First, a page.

The 2009 Climate Dynamics paper “Unprecedented low twentieth century winter sea ice extent in the Western Nordic Seas since A.D. 1200” by M. Macias Fauria, A. Grinsted, et al. discussed already on the thread Svalbard’s Lost Decades pre-smooths its data with a 5-year cubic spline before running its regressions.
There’s been a lot of discussion of smoothing here on CA, especially as it relates to endpoints. However, splines remain something of a novelty here.
A cubic spline is simply a piecewise cubic function, with discontinuities in its third derivative at selected “knot points,” but continuous lower order derivatives. This curve happens to approximate the shapes taken by a mechanical spline, a flexible drafting tool, and minimizes the energy required to force the mechanical spline through selected values at the knot points. The “5-year” spline used by Macias Fauria et al presumably has knot points spaced 5 years apart.
While splines can generate nice smooth pictures, they have no magic statistical properties, and have some special problems of their own. Before performing statistical analysis on spline smoothed data, William Briggs’ article, “Do not smooth time series, you hockey puck!” should be required reading. His admonition,
Unless the data is measured with error, you never, ever, for no reason, under no threat, SMOOTH the series! And if for some bizarre reason you do smooth it, you absolutely on pain of death do NOT use the smoothed series as input for other analyses!
is as valid as ever.
A function y(t) that is a spline function of time t with knots at t = k1, k2, … is simply a linear combination of the functions 1, t, t^2, t^3, max(t-k1,0)^3, max(t-k2,0)^3, … Given data on n+1 values y(0), y(1), … y(n), the coefficients on these functions may be found by a least squares regression. The smoothed values z(t) are just the predicted values from this regression, and these in turn are simply weighted averages of the y(t) observations.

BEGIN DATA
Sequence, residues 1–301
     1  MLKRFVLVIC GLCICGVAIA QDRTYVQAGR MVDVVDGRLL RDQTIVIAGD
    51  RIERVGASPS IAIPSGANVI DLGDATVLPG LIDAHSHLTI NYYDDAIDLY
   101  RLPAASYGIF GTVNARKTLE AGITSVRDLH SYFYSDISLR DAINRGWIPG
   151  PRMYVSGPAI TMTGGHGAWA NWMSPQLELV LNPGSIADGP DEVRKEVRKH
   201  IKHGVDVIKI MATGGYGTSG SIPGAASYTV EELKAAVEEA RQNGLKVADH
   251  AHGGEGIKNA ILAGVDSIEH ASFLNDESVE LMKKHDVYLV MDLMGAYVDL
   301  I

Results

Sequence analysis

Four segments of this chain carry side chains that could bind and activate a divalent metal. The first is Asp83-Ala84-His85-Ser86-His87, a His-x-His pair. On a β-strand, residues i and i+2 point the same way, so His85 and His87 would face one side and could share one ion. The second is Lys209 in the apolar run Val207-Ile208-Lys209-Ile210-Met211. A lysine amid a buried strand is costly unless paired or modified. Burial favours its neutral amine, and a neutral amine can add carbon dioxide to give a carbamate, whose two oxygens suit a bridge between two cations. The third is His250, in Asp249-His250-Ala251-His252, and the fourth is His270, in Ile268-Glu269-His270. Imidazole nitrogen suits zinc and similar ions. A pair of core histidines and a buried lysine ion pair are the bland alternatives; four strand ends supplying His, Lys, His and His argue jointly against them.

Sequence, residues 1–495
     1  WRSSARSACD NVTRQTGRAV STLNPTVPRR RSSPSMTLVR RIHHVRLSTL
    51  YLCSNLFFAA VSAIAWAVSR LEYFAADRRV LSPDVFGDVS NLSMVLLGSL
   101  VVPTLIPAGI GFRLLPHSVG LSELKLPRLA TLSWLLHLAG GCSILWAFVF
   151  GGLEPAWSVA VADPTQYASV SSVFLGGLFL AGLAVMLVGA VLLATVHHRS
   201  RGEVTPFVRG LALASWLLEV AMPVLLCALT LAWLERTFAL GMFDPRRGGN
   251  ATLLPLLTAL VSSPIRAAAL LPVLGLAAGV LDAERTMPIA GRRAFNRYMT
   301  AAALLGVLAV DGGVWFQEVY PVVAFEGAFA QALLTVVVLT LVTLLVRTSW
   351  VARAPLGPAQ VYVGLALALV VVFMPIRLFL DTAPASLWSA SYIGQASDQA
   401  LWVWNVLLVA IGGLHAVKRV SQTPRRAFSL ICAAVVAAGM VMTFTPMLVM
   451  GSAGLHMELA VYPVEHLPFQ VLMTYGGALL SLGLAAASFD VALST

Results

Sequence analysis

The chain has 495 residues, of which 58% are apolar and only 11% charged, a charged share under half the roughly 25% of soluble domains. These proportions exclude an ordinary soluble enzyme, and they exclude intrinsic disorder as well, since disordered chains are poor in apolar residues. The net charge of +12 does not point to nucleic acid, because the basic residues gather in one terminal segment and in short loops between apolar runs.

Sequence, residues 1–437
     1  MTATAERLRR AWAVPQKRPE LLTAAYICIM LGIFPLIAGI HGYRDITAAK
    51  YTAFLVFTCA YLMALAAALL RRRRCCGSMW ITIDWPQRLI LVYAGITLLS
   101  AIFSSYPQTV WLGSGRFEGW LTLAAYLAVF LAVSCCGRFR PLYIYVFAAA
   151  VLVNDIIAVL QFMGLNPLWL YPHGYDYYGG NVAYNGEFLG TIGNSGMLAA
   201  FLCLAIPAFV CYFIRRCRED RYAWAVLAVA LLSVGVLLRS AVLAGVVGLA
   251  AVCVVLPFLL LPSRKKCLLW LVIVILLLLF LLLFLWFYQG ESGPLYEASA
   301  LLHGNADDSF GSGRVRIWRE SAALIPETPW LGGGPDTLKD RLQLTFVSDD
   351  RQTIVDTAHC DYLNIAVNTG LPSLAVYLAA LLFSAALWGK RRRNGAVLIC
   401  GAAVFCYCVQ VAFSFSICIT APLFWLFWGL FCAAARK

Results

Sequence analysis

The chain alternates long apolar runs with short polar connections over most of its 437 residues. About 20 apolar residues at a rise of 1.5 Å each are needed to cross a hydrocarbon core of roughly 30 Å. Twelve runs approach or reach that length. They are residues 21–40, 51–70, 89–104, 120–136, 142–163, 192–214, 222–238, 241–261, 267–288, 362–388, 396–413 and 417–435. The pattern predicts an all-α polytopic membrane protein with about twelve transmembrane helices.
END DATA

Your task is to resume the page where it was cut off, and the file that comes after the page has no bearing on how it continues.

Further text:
Figure 1 below shows the weight each z(t) places on each y(t’) when n = 100 so that the sample runs from 0 to 100, with knots every 5 years at k1 = 5, k2 = 10, etc:
Figure 2 below shows the weights for z(50). Since t = 50 is centrally located between 0 and 100, these weights are precisely symmetrical. However, unlike a simple rectangular 5-year centered filter, the weights extend far in both directions, so that spline smoothing can induce serial correlation at leads and lags far in excess of 5.
Figure 3 below shows the frequency response function for the weights of Figure 2. The amplitude is near 0 for cycles with periods under 5.7 years and is .50 for 9.0 year cycles. Unlike the frequency response functions we saw in the discussion of Rahmstorf’s smoother, comments #34, 37, 178 and 203, however, there is actually magnification of some frequencies above unity, reaching a peak of 1.22 at 11.2 years.
Figure 1 shows that the weights when t is between knot points are somewhat flatter than when t is right at a knot point. The frequency response between knots is therefore somewhat longer than at knot points, so that there is no unambiguous frequency response, even far from the end points.
Figure 1 also shows that the weights for z(t) behave very differently as t approaches the end points. Figure 4 below shows these weights for the very last point, t = 100. Clearly they are highly skewed.
Because of the skewness of the weights for t = 100, the frequency response is a complex-valued function, shown in Figure 5 below. The overall frequency response is given by the magnitude of this function, shown in red. The magnitude is above 0.6 for all periods above the Nyquist period of 2, and amplifies by a factor of about 1.4 at 6-8 year periods, a very strange frequency response indeed. Furthermore, when the complex part is non-zero, there is also a phase shift.
Although a cubic spline produces values for z(t) for all values of t, the ones near the end of the observed sample are particularly noisy and erratic unless some additional restriction or restrictions (like the zero second derivative of a “natural” spline) are imposed.